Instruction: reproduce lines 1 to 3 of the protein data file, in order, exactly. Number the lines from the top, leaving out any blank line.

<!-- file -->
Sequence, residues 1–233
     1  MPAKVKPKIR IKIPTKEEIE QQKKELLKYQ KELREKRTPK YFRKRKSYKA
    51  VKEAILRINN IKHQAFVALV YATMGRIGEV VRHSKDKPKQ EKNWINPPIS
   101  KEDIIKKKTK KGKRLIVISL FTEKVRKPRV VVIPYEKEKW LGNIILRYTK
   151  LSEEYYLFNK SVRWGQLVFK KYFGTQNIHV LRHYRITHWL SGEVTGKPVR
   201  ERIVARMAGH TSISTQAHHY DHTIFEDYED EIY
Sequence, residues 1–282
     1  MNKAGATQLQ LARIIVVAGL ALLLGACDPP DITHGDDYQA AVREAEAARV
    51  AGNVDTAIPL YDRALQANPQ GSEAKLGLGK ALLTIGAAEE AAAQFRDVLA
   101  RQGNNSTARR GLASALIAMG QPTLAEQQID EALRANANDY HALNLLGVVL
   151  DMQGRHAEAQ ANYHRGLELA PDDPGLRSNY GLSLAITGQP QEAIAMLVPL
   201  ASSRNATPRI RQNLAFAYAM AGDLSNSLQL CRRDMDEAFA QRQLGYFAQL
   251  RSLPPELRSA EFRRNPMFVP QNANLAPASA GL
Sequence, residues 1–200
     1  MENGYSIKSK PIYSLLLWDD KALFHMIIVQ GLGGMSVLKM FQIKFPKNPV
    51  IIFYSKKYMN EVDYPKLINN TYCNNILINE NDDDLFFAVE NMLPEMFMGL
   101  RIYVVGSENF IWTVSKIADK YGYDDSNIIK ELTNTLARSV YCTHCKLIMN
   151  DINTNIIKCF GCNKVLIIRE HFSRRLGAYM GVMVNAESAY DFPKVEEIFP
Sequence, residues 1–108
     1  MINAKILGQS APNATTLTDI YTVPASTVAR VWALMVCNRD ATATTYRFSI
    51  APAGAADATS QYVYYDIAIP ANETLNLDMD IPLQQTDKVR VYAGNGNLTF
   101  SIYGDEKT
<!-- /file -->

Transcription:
Sequence, residues 1–233
     1  MPAKVKPKIR IKIPTKEEIE QQKKELLKYQ KELREKRTPK YFRKRKSYKA
    51  VKEAILRINN IKHQAFVALV YATMGRIGEV VRHSKDKPKQ EKNWINPPIS